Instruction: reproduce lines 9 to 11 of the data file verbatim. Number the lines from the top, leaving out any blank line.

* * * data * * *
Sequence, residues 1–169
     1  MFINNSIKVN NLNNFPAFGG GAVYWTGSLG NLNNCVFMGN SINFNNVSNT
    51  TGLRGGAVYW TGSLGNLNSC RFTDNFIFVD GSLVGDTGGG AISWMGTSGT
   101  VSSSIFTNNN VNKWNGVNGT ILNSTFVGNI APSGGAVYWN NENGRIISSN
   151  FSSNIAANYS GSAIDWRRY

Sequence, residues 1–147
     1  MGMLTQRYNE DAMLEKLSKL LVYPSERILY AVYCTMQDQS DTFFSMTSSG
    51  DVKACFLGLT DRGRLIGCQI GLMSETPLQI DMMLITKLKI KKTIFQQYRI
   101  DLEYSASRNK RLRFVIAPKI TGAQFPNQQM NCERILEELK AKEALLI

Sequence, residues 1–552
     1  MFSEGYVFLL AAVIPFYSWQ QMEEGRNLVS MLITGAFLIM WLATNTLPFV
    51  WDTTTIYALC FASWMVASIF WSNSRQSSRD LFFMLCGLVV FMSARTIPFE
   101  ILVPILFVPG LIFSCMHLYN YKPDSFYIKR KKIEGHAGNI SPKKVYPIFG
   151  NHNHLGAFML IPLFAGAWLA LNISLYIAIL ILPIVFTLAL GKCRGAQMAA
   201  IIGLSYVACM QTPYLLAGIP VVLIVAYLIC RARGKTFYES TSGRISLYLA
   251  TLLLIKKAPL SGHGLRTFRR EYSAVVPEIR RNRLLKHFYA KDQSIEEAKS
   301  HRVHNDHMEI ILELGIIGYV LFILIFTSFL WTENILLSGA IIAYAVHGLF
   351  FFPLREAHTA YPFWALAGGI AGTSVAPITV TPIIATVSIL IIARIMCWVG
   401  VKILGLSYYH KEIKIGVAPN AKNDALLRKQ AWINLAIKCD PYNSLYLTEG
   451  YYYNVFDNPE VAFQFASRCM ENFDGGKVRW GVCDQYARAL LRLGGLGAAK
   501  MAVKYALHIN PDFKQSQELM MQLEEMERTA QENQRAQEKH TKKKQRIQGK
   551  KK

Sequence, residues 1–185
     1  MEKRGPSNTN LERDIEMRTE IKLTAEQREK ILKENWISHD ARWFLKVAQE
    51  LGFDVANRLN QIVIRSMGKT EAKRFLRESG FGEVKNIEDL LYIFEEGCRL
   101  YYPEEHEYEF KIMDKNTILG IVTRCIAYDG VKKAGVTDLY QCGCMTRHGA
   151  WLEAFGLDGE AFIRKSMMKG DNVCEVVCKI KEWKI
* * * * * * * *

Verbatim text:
   101  DLEYSASRNK RLRFVIAPKI TGAQFPNQQM NCERILEELK AKEALLI

Sequence, residues 1–552
     1  MFSEGYVFLL AAVIPFYSWQ QMEEGRNLVS MLITGAFLIM WLATNTLPFV